and facilitators for learning activities. The communication of computer
networks can support student-to-student and students-to-facilitator by
using communication tools such as e-mail, chat rooms, web boards, instant
messaging, and desktop conferencing. When its integrated with the appropriate
activities of collaborative learning, the result is a highly effective
learning activity on computer network.
Learning styles are important factors in designing instruction and it
is a variable that can affect learners’ achievement. So the instructional
designers should know learning styles principles and theories for designing
the appropriate web’s environments for all students in a virtual
classroom. The nature of the web tends toward graphical and textual, thus
catering particularly to those with visual learning preferences. Those
with either auditory or kinesthetic learning preferences frequently find
themselves at a great disadvantage in the web-based learning environment.
This is particularly true for the hundreds of courses that exist today
containing only lecture notes and little interaction or mentoring, Lynch
Kolb’s (1986) popular learning style inventory, which is often used
in distance learning research, measured student preferences in two bi-polar
dimensions. Kolb suggested that over time learners develop either a preference
for concrete experiences or preference for engaging in abstract analyses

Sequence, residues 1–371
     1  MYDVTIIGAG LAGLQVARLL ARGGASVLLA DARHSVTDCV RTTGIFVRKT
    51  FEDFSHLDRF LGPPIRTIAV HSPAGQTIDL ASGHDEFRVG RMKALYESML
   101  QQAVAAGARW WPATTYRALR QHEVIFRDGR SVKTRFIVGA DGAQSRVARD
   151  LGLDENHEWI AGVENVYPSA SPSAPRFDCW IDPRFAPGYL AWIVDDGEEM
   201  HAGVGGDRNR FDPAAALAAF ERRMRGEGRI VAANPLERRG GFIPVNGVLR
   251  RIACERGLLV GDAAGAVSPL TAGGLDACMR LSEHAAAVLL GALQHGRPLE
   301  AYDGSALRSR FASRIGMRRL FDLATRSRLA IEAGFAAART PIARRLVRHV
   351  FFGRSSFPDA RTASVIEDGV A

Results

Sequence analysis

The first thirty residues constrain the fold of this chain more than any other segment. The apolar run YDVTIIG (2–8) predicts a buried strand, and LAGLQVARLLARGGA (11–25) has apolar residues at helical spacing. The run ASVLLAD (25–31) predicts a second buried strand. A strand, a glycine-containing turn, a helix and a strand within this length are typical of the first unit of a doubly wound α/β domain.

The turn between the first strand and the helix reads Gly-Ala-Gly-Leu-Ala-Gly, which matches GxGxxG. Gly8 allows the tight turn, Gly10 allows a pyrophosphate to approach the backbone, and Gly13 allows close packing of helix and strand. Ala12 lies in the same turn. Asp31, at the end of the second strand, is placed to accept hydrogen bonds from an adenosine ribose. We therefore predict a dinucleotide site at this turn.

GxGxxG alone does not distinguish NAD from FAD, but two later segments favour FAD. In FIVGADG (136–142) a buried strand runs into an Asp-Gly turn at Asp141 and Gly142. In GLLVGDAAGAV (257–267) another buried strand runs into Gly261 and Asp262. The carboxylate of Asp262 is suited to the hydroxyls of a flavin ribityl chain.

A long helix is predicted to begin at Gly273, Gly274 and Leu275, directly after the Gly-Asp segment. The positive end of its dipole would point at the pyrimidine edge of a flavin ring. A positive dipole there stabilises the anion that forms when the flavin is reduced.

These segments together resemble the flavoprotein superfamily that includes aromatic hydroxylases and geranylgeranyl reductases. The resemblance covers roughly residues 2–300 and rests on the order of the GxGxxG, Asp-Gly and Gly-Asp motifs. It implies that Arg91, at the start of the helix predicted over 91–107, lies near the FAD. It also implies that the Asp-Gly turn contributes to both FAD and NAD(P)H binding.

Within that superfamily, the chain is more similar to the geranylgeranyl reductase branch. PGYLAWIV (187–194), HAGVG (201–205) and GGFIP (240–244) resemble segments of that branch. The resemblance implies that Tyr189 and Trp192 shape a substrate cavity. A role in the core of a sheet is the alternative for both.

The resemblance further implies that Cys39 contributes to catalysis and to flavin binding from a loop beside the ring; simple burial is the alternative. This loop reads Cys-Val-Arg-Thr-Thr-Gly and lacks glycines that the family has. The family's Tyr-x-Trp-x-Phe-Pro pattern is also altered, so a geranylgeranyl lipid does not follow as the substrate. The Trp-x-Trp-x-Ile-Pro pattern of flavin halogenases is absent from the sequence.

when acquiring skills and knowledge. Students also may emphasize interest
in turning theory into practice by active experimentation, or they may
prefer to think about their experiences by reflective observation. Dille
and Mezact (1991) used Kolb’s inventory to identify student success
in Web-based learning. They found that students who preferred abstract
analyses did much better than those with higher scores in concrete experience.
Terrell and Dringus (1999-2000) found that Kolb’s convergence and
assimilator categories were predictive of greater success in their graduate
In this research, Kolb’s learning style inventory is used for grouping
learners because Kolb’s learning style categorizes type of learners
based upon learning experiences; number of group is not variety and there
are no group effects with collaborative learning activities.
There were three stages for conducting this research: 1) study the patterns
of collaborative computer network-based learning; 2) development of collaborative
computer network-based learning model and implementation; 3) evaluate
and adjust model. This particular document presents only the first and
some part of the second stage because this project is being conducted.
The first stage has two parts in collecting data. The first one is sorting
interview data from the experts into three groups: 1) Networking administrator
or related; 2) Facilitator or related; and, 3) Instructor who has experiences
in computer network-based learning. The second one is to study collaborative
computer network-based learning model from research and collaborative
learning website and integrate data from the two parts for developing
a new appropriate model.